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I am forced to execute a periodic task using a timer that is invoked at a different interval as the period I'd like to execute this task.

Note that the timeout does not occur 100% accurately; i.e. timeout(javax.ejb.Timer timer) in the code below might be invoked at intervals 100, 98, 105ms etc.

So, I came up with this, which is sort of okay. But occasionally the task will be executed twice before the intended interval passes, or the interval becomes a little longer than I intend.

Do you have any better idea than this? (Code is simplified pseudo-code, will be used within a EJB container)

import javax.annotation.Resource;
import javax.ejb.Timeout;
import javax.ejb.Timer;
import javax.ejb.TimerService;

public class TimerBean {
    private static final long TASK_INTERVAL = 1530;
    private static final long TIMEOUT = 100;

    @Resource
    private TimerService timerService;


    public void startTimer() {
        timerService.createTimer(100, TIMEOUT, null);
    }

    @Timeout
    public void timeout(javax.ejb.Timer timer) {
        if(isApproxTime(timer, TASK_INTERVAL)){
            //do stuff
        }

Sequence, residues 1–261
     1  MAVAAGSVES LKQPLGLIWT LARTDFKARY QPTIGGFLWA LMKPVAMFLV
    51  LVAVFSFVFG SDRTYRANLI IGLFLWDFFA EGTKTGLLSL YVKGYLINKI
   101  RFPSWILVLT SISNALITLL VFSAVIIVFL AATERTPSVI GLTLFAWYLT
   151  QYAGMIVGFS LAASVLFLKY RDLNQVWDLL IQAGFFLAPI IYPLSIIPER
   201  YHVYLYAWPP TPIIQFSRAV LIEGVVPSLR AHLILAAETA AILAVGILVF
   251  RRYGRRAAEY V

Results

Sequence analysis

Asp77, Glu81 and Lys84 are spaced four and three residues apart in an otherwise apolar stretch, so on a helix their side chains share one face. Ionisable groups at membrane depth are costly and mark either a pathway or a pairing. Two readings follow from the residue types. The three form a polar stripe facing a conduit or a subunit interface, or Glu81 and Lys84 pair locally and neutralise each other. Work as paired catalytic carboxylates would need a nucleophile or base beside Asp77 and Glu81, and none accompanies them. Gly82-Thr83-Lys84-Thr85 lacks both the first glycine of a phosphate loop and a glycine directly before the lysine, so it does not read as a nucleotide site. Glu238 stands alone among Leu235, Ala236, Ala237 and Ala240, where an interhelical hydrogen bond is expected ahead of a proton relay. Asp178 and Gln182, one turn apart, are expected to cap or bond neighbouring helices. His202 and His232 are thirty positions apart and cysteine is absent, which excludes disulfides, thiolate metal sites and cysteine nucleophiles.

}

    private boolean isApproxTime(Timer timer, long targetInterval) {
        long modulus = timer.getNextTimeout().getTime() % targetInterval;
        return modulus < TIMEOUT;
    }
}

EDIT: I'd like to avoid state other than ejb.Timer, so saving the time of last invocation is not an option.

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I don't think any java timer framework can provide 100% guarantee. On a different note have you tried quartz scheduler quartz-scheduler.org –  saugata Mar 4 '10 at 5:22
    
No, it's okay if it's not 100% guaranteed... Also we are using EJB container, so we don't want to use something that has its own thread. –  Enno Shioji Mar 4 '10 at 5:36
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2 Answers 2

up vote 1 down vote accepted

These are odd requirements indeed. But what the heck.

Can you create timers whenever you want? If so, adjust the task interval to be the amount of time remaining before your target interval elapses, or some smaller amount. This will drift, but the duration between events will be roughly equal to your target.

I don't have a solid feeling from your code about how much control you have over things. For example, is there a window of TIMEOUT that you are allowed to specify? Or is a single value dictated to you, and you have no control over it whatsoever?

If it's the later (no control at all over it), then what you've put together is pretty much all you can do. I personally would push back HARD on the requirement of not storing state in this bean. The state in question is not at all persistent or anything else that would make this a problem.

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Thanks for your answer. We had other issues arising from this requirement, and we finally got rid of this requirement. Now I'm simply using the right interval! –  Enno Shioji Mar 5 '10 at 9:05
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Quartz should give you more accurate and more controllable timers

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